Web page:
Letter | Published:

Future temperature in southwest Asia projected to exceed a threshold for human adaptability

Nature Climate Change volume 6, pages 197200 (2016) | Download Citation


A human body may be able to adapt to extremes of dry-bulb temperature (commonly referred to as simply temperature) through perspiration and associated evaporative cooling provided that the wet-bulb temperature (a combined measure of temperature and humidity or degree of ‘mugginess’) remains below a threshold of 35 °C. (ref. 1). This threshold defines a limit of survivability for a fit human under well-ventilated outdoor conditions and is lower for most people. We project using an ensemble of high-resolution regional climate model simulations that extremes of wet-bulb temperature in the region around the Arabian Gulf are likely to approach and exceed this critical threshold under the business-as-usual scenario of future greenhouse gas concentrations. Our results expose a specific regional hotspot where climate change, in the absence of significant mitigation, is likely to severely impact human habitability in the future.

Access optionsAccess options

Rent or Buy article

Get time limited or full article access on ReadCube.


All prices are NET prices.


  1. 1.

    & An adaptability limit to climate change due to heat stress. Proc. Natl Acad. Sci. USA 107, 9552–9555 (2010).

  2. 2.

    , & Global, Regional, and National Fossil-Fuel CO2 Emissions (Oak Ridge National Laboratory, US Department of Energy, 2013).

  3. 3.

    Climate Change 2013: The Physical Science Basis (eds Stocker, T. F. et al.) (Cambridge Univ. Press, 2013).

  4. 4.

    et al. in Climate Change 2014: Impacts, Adaptation, and Vulnerability (eds Barros, V. R. et al.) Ch. 21 (IPCC, Cambridge Univ. Press, 2014).

  5. 5.

    et al. in Climate Change 2013: The Physical Science Basis (eds Stocker, T. F. et al.) Ch. 10, 867–952 (IPCC, Cambridge Univ. Press, 2013).

  6. 6.

    & Effects of mineral aerosols on the summertime climate of southwest Asia: Incorporating subgrid variability in a dust emission scheme. J. Geophys. Res. 115, D18203 (2010).

  7. 7.

    & Modeling the hydroclimatology of Kuwait: The role of subcloud evaporation in semiarid climates. J. Clim. 21, 2976–2989 (2008).

  8. 8.

    & The hydroclimatology of Kuwait: Explaining the variability of rainfall at seasonal and interannual time scales. J. Hydrometeorol. 9, 1095–1105 (2008).

  9. 9.

    & Modeling the summertime climate of Southwest Asia: The role of land surface processes in shaping the climate of semiarid regions. J. Clim. 25, 704–719 (2011).

  10. 10.

    & A Short Course in Cloud Physics (Pergamon, 1989).

  11. 11.

    , , & Heat stress intensification in the Mediterranean climate change hotspot. Geophys. Res. Lett. 34, L11706 (2007).

  12. 12.

    , & Reductions in labour capacity from heat stress under climate warming. Nature Clim. Change 3, 563–566 (2013).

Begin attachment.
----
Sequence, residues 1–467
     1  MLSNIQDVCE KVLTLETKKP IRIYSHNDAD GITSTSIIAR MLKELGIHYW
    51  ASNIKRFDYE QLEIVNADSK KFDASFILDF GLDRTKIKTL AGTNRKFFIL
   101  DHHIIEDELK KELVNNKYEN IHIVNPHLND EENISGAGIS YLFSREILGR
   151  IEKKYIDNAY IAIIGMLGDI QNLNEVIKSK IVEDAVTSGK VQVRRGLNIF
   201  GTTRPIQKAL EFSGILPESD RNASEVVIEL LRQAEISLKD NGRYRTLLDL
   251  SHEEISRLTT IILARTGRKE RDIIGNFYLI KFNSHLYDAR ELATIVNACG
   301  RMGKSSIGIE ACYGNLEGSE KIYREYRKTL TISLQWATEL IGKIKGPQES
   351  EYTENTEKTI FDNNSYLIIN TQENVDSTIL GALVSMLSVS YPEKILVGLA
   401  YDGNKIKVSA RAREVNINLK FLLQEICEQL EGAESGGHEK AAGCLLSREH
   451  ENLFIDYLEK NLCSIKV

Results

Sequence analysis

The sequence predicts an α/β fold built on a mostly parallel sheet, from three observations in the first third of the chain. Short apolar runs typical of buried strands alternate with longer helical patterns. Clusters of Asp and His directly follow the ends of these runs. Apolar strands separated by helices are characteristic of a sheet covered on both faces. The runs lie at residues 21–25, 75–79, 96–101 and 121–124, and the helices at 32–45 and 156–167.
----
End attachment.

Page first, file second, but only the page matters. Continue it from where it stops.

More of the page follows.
13. 13.

    & Consistent geographical patterns of changes in high-impact European heatwaves. Nature Geosci. 3, 398–403 (2010).

  14. 14.

    & Climate change and extreme heat events. Am. J. Prev. Med. 35, 429–435 (2008).

  15. 15.

    Heat stress standard ISO 7243 and its global application. Ind. Health 44, 368379 (2006).

  16. 16.

    et al. World Meteorological Organization assessment of the purported world record 58 °C temperature extreme at El Azizia, Libya (13 September 1922). Bull. Am. Meteorol. Soc. 94, 199–204 (2013).

  17. 17.

    , , & Extreme weather records. Bull. Am. Meteorol. Soc. 88, 853–860 (2007).

  18. 18.

    et al. The RCP greenhouse gas concentrations and their extensions from 1765 to 2300. Climatic Change 109, 213–241 (2011).

  19. 19.

    & Monsoons and the dynamics of deserts. Q. J. R. Meteorol. Soc. 122, 1385–1404 (1996).

  20. 20.

    et al. RCP4.5: A pathway for stabilization of radiative forcing by 2100. Climatic Change 109, 77–94 (2011).

  21. 21.

    et al. RCP 8.5—A scenario of comparatively high greenhouse gas emissions. Climatic Change 109, 33–57 (2011).

  22. 22.

    World Population Prospects: The 2012 Revision, Methodology of the United Nations Population Estimates and Projections Working Paper No. ESA/P/WP.235 (United Nations, Department of Economic and Social Affairs, Population Division, 2014).

  23. 23.

    Air conditioning market saturation and long-term response of residential cooling energy demand to climate change. Energy 28, 941–951 (2003).

Download references


This research was supported by the Kuwait Foundation for the Advancement of Science (KFAS). The NASA SRB were obtained from the NASA Langley Research Center Atmospheric Sciences Data Center NASA/GEWEX SRB Project.

Author information


  1. Department of Civil Engineering and Environmental Science, Loyola Marymount University, Los Angeles, California 90045, USA

    • Jeremy S. Pal
  2. Ralph M. Parsons Laboratory, Massachusetts Institute of Technology, Cambridge, Massachusetts 02139, USA

    • Jeremy S. Pal
    •  & Elfatih A. B. Eltahir


  1. Search for Jeremy S. Pal in:

  2. Search for Elfatih A. B. Eltahir in:


E.A.B.E. conceived the study with input from J.S.P. Both authors were involved in design of the research, interpretation of the results, and discussion of implications. J.S.P. performed the simulations, analysed the data and created the figures. Both authors contributed equally to the writing and revision of the manuscript.

Competing interests

The authors declare no competing financial interests.

Corresponding author

Correspondence to Elfatih A. B. Eltahir.

Supplementary information

About this article

Publication history






Further reading